The African Development Bank (AfDB) has unveiled the Africa Climate Risk Insurance Facility for Adaptation (ACRIFA), an ambitious initiative designed to protect African countries from the devastating effects of climate change-related disasters.
The programme extends the institution’s Africa Disaster Risk Insurance Programme by developing insurance solutions to help African nations, particularly their agriculture sectors, prepare for and mitigate the impacts of climate change-induced events such as floods and droughts.
African Development Bank group president Dr Akinwumi Adesina introduced ACRIFA during a side event at the Africa Climate Summit in Nairobi. He emphasised the facility’s goal to raise an initial $1 billion of concessional high-risk capital and grants to facilitate the development and adoption of insurance solutions that will enable countries, businesses, and communities to adapt to climate change.
Adesina stated, “This is our effort to scale up support to insure countries and households against extreme weather patterns. Extreme weather patterns negatively impact the livelihoods of many millions of farmers in Africa, with the majority being women. One way we can tackle this issue is to ensure that farmers have access to crop and livestock insurance.”
The Africa Climate Risk Insurance Facility for Adaptation aims to provide credit insurance to investment portfolios related to climate, agri-food systems, and enterprise development.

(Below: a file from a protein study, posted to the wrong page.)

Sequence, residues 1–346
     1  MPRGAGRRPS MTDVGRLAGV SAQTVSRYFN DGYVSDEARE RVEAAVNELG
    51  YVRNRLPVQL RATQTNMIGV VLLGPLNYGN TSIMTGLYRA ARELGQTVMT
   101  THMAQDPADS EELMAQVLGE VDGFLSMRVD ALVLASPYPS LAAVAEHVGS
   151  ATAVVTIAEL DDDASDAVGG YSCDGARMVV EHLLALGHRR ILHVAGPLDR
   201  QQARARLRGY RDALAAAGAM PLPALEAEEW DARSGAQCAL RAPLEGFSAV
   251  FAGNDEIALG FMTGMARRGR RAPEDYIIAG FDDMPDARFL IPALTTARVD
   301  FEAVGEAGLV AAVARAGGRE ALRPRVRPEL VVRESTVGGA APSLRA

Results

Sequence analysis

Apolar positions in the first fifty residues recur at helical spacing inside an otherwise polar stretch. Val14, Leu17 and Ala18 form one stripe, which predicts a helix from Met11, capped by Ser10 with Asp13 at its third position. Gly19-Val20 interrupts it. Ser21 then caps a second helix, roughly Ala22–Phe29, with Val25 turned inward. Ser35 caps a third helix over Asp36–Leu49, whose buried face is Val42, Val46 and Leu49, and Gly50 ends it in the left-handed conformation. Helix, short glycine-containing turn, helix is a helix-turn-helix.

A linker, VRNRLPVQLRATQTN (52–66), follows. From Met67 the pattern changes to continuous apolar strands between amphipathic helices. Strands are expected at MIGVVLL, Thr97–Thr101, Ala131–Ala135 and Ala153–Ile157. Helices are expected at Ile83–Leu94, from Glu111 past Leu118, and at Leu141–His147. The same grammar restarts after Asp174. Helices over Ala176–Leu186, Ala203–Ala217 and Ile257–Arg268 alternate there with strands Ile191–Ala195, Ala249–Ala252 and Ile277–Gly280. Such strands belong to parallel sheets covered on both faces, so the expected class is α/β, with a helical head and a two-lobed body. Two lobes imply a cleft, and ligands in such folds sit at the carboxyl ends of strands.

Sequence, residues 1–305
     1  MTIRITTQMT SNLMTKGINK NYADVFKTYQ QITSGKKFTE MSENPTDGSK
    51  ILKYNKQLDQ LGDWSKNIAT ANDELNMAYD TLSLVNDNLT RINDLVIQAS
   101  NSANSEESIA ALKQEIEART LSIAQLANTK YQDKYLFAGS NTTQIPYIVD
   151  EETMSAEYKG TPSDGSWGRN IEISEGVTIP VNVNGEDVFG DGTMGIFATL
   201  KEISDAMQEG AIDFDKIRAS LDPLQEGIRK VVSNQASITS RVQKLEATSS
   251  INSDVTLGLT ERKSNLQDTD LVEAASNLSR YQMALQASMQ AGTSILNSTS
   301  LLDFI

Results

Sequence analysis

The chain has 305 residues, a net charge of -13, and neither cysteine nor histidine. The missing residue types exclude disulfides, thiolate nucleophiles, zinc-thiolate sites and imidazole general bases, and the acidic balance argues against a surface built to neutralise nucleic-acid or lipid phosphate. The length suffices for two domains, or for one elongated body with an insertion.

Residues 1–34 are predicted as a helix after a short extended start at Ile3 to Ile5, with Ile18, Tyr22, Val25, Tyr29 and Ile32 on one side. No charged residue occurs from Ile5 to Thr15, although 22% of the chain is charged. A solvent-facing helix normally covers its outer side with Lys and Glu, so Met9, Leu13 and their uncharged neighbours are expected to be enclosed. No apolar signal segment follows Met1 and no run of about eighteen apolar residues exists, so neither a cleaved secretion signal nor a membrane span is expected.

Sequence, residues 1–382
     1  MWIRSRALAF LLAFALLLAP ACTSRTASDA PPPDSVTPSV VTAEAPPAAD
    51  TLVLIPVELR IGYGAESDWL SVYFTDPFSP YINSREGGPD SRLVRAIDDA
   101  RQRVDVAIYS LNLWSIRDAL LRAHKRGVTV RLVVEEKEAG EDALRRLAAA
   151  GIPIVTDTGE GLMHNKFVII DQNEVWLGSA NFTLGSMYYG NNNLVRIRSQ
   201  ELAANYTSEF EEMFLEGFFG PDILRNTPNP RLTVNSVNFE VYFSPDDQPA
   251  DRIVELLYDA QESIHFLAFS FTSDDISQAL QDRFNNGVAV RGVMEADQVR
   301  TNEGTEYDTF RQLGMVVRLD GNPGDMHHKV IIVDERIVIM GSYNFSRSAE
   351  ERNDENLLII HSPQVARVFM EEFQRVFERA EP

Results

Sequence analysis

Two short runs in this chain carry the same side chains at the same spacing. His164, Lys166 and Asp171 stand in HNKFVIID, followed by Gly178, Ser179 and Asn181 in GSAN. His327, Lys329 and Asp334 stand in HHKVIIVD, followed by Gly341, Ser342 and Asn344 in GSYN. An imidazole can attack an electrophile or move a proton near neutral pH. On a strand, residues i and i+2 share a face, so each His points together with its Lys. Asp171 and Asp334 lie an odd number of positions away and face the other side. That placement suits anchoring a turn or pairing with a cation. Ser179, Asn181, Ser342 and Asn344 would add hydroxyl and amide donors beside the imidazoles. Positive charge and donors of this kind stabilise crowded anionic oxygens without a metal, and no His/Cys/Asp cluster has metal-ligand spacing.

It will also collaborate with primary insurers across Africa to ensure that business opportunities extend to continental and international re-insurers.
Additionally, the facility will support national governments in more efficiently managing climate-related disasters.
Comoros president Azali Assoumani, who is also the chair of the African Union, praised ACRIFA as a necessary innovation, considering the increasing frequency and impact of natural disasters on African countries, particularly in the realm of agriculture.
“It will help us to strengthen our adaptation and resilience capacities,” he remarked. Assoumani also highlighted the critical role of ACRIFA in mitigating climate risks and unlocking the touristic potential of countries like Comoros.
Ibrahima Diong, director general of the African Risk Capacity Group and United Nations assistant secretary-general, stated, “[It] will help to build data that feeds early warning systems in Africa,” emphasizing the facility’s role in proactive risk management.
ACRIFA is expected to form partnerships with organisations such as the World Food Programme (WFP). Martin Frick of the WFP expressed enthusiasm for the facility’s potential to expand insurance coverage for farmers and unlock private sector capital. He noted, “We can inject trust in the market and unleash more capital than is currently provided.”
During a panel discussion about ACRIFA’s potential impact, African Development Bank vice president for agriculture, human, and social development Dr Beth Dunford stressed the urgency of taking action. She said, “What we’re talking about today isn’t just about policies. The impact of a thriving climate insurance industry in Africa is about lives. It is about an Africa that doesn’t just survive in climate uncertainties but thrives in them.”